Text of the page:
Breast reconstruction: Understanding your options


by Baylor Scott & White Health

Feb 10, 2022

The American Cancer Society estimates roughly 287,850 American women will be diagnosed with breast cancer each year, often facing a flood of overwhelming decisions when it comes to treatment.

The patient goes from day one of being totally normal and healthy, to having a lump or a bump, to being told they have cancer,” said Neal Hoganson, MD, a plastic and reconstructive surgeon on the medical staff at Baylor Scott & White Medical Center – College Station. “It’s overwhelming for everybody at first.”

For many women, part of that treatment plan includes reconstruction of the breast. Dr. Hoganson offers his advice on choosing a plan that’s right for you.

Weighing your breast reconstruction options

“A lot of breast cancer patients require a mastectomy,” Dr. Hoganson said. “Following a mastectomy, typically, they have options for reconstruction. And the goal of reconstruction is to recreate the aesthetic appearance after the breast tissue has been removed.”

Making the breasts look more balanced when wearing a bra, permanently regaining the shape of the breast, and not having to wear an external prosthesis are also reasons that someone might choose to have breast reconstruction surgery.

But choosing to have your breast or breasts reconstructed is just the first step. You must also decide between having the surgery immediately after having the cancer removed or delaying reconstruction to allow for healing and psychological processing time.

Should I have reconstruction surgery immediately?

“The pros of the immediate reconstruction would be that at the time of the definitive treatment to treat the cancer, steps are being taken to reconstruct the breast and save the patient an extra operation,” Dr. Hoganson said.

It’s important to know that immediate reconstruction can be a lengthy operation and may cause cell death (called necrosis), according to the American Cancer Society. If this happens, more surgery would be needed to fix the problem.

“We want to be sure that the surgery we do won’t affect the patient’s ability to have radiation or chemotherapy,” Dr. Hoganson said. “One of the downsides of immediate reconstruction is that the breast cancer hasn’t been fully staged. Occasionally, there is data that we get from the pathology report that changes the treatment course.”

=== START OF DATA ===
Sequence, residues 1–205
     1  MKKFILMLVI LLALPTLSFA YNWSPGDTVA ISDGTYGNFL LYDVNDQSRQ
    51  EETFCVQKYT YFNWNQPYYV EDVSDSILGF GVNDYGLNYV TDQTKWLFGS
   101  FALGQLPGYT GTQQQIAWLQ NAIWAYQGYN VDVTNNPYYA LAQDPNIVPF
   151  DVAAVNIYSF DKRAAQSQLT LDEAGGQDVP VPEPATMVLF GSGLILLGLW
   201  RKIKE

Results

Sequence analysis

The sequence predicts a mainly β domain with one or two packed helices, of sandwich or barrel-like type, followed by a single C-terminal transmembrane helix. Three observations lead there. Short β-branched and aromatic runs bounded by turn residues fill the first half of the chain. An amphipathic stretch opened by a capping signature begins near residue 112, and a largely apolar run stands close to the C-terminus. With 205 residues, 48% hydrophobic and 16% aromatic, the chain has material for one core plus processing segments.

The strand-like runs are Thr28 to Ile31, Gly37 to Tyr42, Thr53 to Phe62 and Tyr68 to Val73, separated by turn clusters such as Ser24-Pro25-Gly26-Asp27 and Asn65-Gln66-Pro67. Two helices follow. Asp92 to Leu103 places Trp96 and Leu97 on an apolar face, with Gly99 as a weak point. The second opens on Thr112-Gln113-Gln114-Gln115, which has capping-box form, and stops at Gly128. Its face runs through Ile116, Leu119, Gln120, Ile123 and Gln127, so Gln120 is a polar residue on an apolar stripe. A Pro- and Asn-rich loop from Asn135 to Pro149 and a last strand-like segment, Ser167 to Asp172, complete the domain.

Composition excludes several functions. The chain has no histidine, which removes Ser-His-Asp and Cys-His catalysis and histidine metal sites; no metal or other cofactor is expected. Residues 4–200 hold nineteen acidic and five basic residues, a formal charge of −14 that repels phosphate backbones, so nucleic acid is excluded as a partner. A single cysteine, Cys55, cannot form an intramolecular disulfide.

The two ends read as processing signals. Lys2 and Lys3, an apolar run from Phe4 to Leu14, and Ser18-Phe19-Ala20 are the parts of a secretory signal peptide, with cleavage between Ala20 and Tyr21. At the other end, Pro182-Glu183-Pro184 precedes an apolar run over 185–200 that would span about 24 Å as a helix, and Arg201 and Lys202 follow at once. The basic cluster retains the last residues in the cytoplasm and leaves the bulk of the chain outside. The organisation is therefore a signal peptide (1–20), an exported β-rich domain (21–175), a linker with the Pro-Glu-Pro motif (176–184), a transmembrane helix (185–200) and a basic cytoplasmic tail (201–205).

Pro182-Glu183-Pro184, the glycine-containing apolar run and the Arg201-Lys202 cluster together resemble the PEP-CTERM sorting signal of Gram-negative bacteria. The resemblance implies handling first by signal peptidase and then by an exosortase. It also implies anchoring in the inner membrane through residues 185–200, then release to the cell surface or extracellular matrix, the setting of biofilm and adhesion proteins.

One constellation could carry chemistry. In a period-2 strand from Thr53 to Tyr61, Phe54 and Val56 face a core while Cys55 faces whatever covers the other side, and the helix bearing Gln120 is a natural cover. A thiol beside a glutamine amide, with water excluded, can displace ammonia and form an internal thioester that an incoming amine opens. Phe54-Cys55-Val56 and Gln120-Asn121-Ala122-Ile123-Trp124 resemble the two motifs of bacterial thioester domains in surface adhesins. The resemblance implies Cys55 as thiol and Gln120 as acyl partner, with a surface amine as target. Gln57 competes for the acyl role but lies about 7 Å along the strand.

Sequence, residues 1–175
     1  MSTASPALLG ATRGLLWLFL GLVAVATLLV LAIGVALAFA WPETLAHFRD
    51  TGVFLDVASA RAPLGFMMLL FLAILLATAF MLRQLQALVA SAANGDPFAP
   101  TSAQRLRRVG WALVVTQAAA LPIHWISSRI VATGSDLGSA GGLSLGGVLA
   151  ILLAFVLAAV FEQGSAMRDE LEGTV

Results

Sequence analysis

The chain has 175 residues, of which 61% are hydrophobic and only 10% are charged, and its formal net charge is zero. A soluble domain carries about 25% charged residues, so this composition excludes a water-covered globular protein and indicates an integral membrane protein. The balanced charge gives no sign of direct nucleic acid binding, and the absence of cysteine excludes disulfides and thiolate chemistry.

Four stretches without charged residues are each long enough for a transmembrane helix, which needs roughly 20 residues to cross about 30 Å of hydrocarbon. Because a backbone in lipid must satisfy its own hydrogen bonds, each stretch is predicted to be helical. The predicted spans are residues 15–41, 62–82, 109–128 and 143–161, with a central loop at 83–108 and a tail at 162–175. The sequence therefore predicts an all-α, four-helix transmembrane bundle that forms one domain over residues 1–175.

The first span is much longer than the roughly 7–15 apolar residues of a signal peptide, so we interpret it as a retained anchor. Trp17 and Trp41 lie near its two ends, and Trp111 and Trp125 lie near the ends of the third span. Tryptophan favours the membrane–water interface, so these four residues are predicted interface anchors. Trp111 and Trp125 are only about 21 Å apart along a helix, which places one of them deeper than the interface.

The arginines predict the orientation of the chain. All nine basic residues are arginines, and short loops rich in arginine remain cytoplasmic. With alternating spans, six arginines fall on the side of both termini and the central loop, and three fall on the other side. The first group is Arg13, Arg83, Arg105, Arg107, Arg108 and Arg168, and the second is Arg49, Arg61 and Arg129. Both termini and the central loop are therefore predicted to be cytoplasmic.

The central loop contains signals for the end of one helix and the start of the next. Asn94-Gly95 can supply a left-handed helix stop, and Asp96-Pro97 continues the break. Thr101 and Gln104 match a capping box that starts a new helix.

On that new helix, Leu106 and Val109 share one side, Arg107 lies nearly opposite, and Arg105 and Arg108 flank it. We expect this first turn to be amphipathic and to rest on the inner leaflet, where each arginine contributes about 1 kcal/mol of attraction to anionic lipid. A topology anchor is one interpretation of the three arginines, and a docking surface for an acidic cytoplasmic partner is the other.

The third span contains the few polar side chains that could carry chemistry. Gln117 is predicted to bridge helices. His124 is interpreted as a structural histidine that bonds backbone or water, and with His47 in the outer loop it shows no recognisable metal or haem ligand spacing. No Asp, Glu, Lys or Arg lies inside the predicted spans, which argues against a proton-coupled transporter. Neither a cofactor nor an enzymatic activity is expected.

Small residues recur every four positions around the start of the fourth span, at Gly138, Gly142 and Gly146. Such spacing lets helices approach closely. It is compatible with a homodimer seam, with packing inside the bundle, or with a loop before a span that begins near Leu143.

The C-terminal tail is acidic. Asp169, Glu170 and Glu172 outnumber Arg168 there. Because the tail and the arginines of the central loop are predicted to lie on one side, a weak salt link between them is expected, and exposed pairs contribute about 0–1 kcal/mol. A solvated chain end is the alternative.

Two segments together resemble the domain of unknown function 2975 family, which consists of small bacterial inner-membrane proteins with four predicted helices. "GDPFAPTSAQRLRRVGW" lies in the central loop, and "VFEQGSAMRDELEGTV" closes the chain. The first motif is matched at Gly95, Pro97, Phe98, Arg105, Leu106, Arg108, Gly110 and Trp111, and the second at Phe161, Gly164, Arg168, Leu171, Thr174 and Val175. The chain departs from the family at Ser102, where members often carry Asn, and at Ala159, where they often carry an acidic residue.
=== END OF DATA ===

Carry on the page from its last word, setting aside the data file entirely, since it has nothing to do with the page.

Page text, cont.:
What is a nipple-sparing mastectomy?

Historically, mastectomies remove the nipple and the areola because most breast cancers involve the ducts connected to the nipple.

If the nipple and areola have to be removed, they can be reconstructed later with other tissues after the new breast has had time to heal.

But recent data shows that some patients may have a choice of sparing the nipple. Talk to your surgeon and care team about what options you have.

“It depends upon the type of cancer and location,”  Dr. Hoganson said. “You want to make sure that it doesn’t complicate the cancer treatment by leaving it.”

How do I choose the right treatment plan for me?

Dr. Hoganson said he recommends his patients pick a reconstruction plan that doesn’t commit them to something that could interfere with treatment.

“The most common initial reconstruction is the placement of an expander,” Dr. Hoganson said. “The expanders can be removed, or they can be plated for radiation treatment. They can even stay in for chemotherapy.”

Tissue expanders are used after a mastectomy to increase the amount of tissue doctors have to work with when they’re recreating or implanting a breast. The expander is placed under the skin where the original breast was removed to prepare the area for the placement of a permanent implant or the patient’s own tissue.

“Patients have to decide what’s right for them and talk with their doctors to pick a plan that’s going to work out best for them,” Dr. Hoganson said.

Questions to ask yourself about breast reconstruction

  • How important is it to you to keep your breasts?
  • Do you want your breasts to match as much as possible in size?
  • How anxious will you be about breast cancer coming back?
  • Do you want to minimize the number of surgical procedures?
  • Do you want a second or third opinion about your options?

Write down your thoughts and share them with your doctor, so you feel comfortable with any decision you make.

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